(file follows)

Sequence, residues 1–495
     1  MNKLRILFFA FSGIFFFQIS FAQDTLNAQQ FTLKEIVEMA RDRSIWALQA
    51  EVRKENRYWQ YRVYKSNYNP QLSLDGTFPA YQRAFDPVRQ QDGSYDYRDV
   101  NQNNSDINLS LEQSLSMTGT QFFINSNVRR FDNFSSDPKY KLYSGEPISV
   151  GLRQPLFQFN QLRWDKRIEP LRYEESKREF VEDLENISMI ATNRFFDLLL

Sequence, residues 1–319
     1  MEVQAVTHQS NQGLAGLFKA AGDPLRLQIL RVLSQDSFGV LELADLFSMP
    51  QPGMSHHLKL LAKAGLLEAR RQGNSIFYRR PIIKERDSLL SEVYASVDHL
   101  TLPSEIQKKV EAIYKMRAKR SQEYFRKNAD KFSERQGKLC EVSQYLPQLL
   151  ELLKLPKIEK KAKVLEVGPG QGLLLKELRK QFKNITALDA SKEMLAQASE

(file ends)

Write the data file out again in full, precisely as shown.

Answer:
Sequence, residues 1–495
     1  MNKLRILFFA FSGIFFFQIS FAQDTLNAQQ FTLKEIVEMA RDRSIWALQA
    51  EVRKENRYWQ YRVYKSNYNP QLSLDGTFPA YQRAFDPVRQ QDGSYDYRDV
   101  NQNNSDINLS LEQSLSMTGT QFFINSNVRR FDNFSSDPKY KLYSGEPISV
   151  GLRQPLFQFN QLRWDKRIEP LRYEESKREF VEDLENISMI ATNRFFDLLL

Sequence, residues 1–319
     1  MEVQAVTHQS NQGLAGLFKA AGDPLRLQIL RVLSQDSFGV LELADLFSMP
    51  QPGMSHHLKL LAKAGLLEAR RQGNSIFYRR PIIKERDSLL SEVYASVDHL
   101  TLPSEIQKKV EAIYKMRAKR SQEYFRKNAD KFSERQGKLC EVSQYLPQLL
   151  ELLKLPKIEK KAKVLEVGPG QGLLLKELRK QFKNITALDA SKEMLAQASE